But also, you kind of have to balance that with the time. You still have to get things done. It’s a big balancing act of how much – like, is this critical that this needs to get changed, even though it’s like a stylistic thing that goes against our team norms, but it’s imperative that this gets through?” Or maybe they’ve already spent a lot of time on it, so it’s definitely the art of juggling or balancing, so…

[54:14] I think just experience goes a long way. Learn by doing. You can kind of experience a lot of things that you wanna emulate, or things that you’re like “Wow, that didn’t leave me feeling really good about myself, so I know not to do this in the future.” But also, just getting more experienced in whatever language that you’re working on to then make those suggestions that can make the code better, and more performant. That’s like another layer of doing a PR review… But it’s still something that comes with more time.

Yeah, and I think from the perspective of authoring a PR and asking for a review, that’s also something that is like a skill that can be honed and taught and improved at any level… Because figuring out when a PR is done, how big it is, but also in some situations maybe you’re introducing a change, and maybe you have to write up why you think that change is the right path to move forward, and there’s always room to improve on making a concise argument. I think that’s something that we can always improve on, is how to make a concise, clear argument for the change that you’re introducing, or how to best walk your reviewer through the pull request just based on your PR ask. There’s a lot of skills that can be honed in this whole process, on both sides.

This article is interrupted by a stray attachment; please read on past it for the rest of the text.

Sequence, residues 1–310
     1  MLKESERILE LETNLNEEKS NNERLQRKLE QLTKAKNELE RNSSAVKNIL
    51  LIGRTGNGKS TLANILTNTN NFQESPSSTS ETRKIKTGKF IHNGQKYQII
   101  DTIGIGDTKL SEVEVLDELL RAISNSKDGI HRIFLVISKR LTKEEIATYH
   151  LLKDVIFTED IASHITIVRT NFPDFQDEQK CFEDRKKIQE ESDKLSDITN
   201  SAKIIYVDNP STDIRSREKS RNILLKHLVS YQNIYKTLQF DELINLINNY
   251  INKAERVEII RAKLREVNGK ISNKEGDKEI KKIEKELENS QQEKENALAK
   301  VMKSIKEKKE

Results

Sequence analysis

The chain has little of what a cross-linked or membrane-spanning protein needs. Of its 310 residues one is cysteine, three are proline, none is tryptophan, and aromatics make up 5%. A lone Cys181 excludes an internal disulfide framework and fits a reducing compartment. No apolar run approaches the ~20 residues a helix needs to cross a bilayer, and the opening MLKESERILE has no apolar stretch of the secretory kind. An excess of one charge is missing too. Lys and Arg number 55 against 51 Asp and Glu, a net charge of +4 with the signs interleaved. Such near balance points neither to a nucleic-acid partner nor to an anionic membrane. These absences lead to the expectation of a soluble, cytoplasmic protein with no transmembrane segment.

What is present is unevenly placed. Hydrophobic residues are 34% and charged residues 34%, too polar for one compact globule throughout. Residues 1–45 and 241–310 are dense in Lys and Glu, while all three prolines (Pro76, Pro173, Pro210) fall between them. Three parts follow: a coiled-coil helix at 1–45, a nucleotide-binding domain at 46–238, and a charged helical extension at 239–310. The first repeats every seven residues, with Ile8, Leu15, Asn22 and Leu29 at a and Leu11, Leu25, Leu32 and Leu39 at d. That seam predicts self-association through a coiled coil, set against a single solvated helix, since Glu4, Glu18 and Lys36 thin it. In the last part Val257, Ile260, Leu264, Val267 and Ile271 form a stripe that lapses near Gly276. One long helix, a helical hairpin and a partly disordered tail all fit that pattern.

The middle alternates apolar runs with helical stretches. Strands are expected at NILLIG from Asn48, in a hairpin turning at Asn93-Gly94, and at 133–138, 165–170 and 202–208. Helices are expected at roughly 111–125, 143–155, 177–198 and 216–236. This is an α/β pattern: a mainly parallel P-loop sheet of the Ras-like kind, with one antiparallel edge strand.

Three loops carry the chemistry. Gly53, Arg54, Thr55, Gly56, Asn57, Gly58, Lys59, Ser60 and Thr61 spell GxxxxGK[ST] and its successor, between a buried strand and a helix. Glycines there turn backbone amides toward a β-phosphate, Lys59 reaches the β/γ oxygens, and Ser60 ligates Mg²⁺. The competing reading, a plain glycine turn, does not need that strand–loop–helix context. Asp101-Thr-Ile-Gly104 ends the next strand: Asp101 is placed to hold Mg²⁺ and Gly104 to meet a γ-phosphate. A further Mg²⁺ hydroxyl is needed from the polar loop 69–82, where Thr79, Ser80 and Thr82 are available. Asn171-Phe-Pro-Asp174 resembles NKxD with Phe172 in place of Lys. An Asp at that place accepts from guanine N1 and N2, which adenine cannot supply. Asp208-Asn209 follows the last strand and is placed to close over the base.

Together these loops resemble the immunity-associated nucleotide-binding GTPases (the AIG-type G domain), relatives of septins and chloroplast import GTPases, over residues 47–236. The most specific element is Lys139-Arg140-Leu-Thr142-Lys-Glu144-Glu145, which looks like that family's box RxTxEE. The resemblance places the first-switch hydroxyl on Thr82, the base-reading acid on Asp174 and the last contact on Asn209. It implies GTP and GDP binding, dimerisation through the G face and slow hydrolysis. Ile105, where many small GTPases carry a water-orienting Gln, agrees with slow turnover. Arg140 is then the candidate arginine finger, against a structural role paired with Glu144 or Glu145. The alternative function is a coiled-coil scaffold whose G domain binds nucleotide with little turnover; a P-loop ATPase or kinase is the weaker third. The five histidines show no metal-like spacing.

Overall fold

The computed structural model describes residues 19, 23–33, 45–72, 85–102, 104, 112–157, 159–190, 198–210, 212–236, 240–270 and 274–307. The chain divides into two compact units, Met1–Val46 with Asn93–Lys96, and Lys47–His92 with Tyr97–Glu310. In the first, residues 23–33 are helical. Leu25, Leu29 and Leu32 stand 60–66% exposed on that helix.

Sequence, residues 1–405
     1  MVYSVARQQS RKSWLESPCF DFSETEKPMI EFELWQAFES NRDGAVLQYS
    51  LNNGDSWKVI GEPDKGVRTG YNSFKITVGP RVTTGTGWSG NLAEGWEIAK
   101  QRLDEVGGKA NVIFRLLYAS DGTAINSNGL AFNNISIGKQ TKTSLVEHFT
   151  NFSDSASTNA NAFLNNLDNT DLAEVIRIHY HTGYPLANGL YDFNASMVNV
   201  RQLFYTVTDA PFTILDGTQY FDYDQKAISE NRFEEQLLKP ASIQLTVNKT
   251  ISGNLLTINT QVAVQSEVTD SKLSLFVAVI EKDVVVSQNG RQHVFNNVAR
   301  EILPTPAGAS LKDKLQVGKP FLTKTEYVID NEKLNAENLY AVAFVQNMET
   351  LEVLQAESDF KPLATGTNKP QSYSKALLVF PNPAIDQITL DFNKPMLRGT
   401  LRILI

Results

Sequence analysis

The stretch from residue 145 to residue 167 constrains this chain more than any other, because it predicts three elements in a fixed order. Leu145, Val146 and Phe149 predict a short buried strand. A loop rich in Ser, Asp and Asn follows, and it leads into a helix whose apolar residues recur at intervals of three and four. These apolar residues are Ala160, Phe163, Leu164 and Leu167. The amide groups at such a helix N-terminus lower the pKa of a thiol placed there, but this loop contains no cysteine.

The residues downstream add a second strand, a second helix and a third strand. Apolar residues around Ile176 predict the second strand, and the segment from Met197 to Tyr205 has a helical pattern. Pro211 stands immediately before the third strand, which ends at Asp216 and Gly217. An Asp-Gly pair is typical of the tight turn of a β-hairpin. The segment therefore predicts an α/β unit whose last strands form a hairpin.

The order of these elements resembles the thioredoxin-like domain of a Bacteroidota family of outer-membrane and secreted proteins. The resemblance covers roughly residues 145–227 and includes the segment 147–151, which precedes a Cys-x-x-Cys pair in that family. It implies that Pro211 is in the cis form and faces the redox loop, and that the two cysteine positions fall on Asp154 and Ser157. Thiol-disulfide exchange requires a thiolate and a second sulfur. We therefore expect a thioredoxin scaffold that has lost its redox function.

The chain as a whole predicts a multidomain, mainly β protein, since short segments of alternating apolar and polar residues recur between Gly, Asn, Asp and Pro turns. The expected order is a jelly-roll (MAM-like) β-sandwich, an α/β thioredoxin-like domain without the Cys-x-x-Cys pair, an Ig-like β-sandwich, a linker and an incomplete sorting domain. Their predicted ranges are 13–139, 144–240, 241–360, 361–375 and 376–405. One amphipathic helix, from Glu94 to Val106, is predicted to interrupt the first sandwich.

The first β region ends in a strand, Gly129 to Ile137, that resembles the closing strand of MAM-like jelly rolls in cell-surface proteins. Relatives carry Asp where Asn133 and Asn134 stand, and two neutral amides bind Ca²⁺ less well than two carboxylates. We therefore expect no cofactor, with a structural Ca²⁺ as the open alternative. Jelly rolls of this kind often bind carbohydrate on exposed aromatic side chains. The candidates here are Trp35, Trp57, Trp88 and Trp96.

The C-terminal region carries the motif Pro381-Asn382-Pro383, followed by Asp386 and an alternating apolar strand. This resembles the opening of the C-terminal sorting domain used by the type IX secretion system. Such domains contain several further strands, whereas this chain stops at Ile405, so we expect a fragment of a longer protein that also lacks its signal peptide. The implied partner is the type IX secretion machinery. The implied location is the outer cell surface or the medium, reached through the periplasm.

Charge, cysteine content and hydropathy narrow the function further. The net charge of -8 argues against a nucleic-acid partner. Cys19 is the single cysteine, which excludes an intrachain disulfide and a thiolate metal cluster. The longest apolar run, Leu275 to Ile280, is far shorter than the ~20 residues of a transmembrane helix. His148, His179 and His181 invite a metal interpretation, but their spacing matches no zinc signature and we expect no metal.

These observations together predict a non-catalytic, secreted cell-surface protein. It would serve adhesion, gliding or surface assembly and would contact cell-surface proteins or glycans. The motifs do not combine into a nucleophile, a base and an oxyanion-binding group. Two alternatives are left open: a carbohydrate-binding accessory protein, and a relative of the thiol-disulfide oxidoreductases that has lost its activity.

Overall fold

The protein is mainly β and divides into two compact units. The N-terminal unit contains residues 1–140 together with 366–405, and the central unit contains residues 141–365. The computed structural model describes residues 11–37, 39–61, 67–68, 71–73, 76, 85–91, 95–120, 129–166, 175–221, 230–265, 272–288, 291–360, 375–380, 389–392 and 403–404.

Well, thank you. Regrettably, we’ve babbled all our time away, so we are going to move into our Unpopular Opinion time.

[55:49] to [56:04]

Right, so get ready, guests, we’re gonna jump right on in. Jeff, what is your unpopular opinion?

I don’t know how I’m gonna top my last unpopular opinion, but… I don’t know, I feel like I’ll just spark a – it’s not a big unpopular opinion, but it’ll start like a war… Kind of like Playstation vs. Xbox. I’m gonna go with “Dogs are the better pet than cats.” I know there’s lots of cat people…

Whow… [laughter]

So it’ll be the unpopular opinion in this group, but… I have three dogs, and…

Okay… Those are fighting words.